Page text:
Starter, Parent, Child and Grandchild Themes

Starter, Parent, Child and Grandchild Themes

Towards the end of 2015 I shifted my working method and started using the Parent and Child functionality of WordPress themes to power all my new clients websites.

Previously to this I used a Starter Theme that got customised to each individual clients needs.

What is a Starter Theme?

A starter theme is basically a bit of a head start to a theme, all the basics are covered. So rather than starting a new theme from scratch you have a set of files that you use on all your clients websites. You then add what’s needed to make the theme suit your clients needs.

This worked fine for a few years, but as business grew, and the number of clients increased it became more difficult and time consuming keeping all the sites technically up-to-date.

Updating a Starter Theme

The trouble was that the customisations could be in any of the files, ok it isn’t really an issue to find them for me as I keep everything under version control, but looking for, and duplicating multiple files across multiple sites isn’t very enjoyable.

What is a Parent Theme?

Short answer: A Parent Theme is any theme that isn’t a Child Theme.

Although any theme can be used as a Parent Theme not all make great Parents. How easy or difficult it is varies from theme to theme. Mostly this is down to how much thought the developer gave to the theme; making functions pluggable, including files and scripts properly. But any well coded theme can be used as a Parent.

Choosing a Parent Theme

Most people will find a Theme that closely matches what they want their website to look like. Then for any changes and customisations that can’t be done in the Theme Options and Settings will create a Child Theme and do all their customisations there.

What are Theme Frameworks?

I’d like to be clear here, anything you can upload as a theme and activate as a theme is a Theme. Whilst any theme can potentially be a Parent Theme, Theme Frameworks are usually designed to be very flexible Parent Themes; making it easy to override and change things without touching any of their files.

Personally I was already using my own Starter Theme, so this adapted to make my own Parent Theme. I made sure every part of it can be changed in a Child Theme if necessary. It’s pretty ugly on its own, but then it isn’t meant to be used without a Child Theme.

What is a Child Theme?

A Child Theme depends on its Parent Theme to work, if the Parent Theme isn’t present the Child Theme simply won’t work.

A Child Theme inherits all the functionality and styling of its Parent Theme. So you can do all your customisations in the Child Theme without touching any of the Parent Theme’s files. So when it comes to updating your Parent Theme you can do it safe in the knowledge that none of your customisations are going to be overwritten by new files. Perfect, well almost.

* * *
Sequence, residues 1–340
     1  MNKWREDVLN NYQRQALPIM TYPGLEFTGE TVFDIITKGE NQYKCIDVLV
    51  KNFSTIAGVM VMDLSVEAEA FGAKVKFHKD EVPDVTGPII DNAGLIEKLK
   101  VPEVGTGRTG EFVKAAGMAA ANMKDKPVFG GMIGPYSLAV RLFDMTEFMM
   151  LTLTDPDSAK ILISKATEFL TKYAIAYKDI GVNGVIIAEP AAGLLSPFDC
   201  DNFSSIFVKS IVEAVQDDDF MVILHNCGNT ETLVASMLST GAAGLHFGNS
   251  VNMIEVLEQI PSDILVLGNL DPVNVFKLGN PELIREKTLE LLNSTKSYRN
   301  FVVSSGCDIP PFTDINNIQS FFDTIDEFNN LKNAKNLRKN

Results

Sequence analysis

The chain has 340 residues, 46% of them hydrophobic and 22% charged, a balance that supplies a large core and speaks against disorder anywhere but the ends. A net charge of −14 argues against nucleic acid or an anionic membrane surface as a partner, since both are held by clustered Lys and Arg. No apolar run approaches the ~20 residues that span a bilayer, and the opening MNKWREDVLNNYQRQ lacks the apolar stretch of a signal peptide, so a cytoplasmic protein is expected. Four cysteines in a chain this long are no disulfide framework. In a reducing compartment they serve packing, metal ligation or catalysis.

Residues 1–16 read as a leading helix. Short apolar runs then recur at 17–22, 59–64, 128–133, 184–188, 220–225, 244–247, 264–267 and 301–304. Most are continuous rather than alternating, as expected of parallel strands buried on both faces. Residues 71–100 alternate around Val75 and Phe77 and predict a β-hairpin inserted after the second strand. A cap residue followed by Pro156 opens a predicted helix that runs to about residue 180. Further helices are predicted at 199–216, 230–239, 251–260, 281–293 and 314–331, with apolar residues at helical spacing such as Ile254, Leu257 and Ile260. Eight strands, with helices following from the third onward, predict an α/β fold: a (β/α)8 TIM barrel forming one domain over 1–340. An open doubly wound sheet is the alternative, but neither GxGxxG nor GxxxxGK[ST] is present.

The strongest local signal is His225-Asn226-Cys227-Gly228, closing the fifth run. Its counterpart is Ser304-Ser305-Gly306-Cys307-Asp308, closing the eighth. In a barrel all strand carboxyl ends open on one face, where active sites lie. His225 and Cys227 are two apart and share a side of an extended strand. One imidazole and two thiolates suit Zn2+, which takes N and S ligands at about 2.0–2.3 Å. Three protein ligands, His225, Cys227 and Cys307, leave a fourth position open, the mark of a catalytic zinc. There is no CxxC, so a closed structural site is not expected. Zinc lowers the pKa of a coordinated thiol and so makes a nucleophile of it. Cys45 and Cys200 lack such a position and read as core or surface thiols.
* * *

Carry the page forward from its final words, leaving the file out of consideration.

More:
This method has served me well for 2 years now. After each project I take a look at what improvements should be adopted into the Parent Theme for future clients to benefit from, and an update offered to past clients.

Grandchild Themes!

So each of my clients gets the Parent Theme, and a Child Theme – customised to their needs. A recent client asked if their Theme could be used on another of their websites – but with a few changes to styling and some other functionality added.

Grandchild Themes don’t exist, and I didn’t like the thought of having two complex child themes to look after. I needed a single Child Theme – the same on both sites, that could be added to and changed a bit on the second site.

A lot of my work generally goes on in the Child Theme’s functions file and stylesheet. I use a lot of Actions and Filters in my Parent Theme, so I generally don’t need to alter too many files.

So here’s what I came up with.

My Parent Theme now checks for the existence of custom-styles.css in the Child Theme, and loads this after the Parent and Child stylesheets if it finds it. So in the Child Theme of the second site I added my custom-styles.css where all my css specific to that site.

Some changes to the functionality were also necessary, so in the Child Theme’s functions.php file I added a line to check for the existence of custom-functions.php, and if found included it before the rest of the Child Themes functions.

So both sites have exactly the same Child Themes – but site two has the two extra files in it, which change what’s necessary.

Thankfully both the sites are so close that they don’t need different templates, and, for now at least, I think if I’m tempted to work out how to use different templates I should just create a new Child Theme before I disappear down the rabbit hole.

Published on in Coding, Opinion.

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Gary

Other posts by , my email address gary@gdswebdesign.co.uk, on the web https://gdswebdesign.co.uk.

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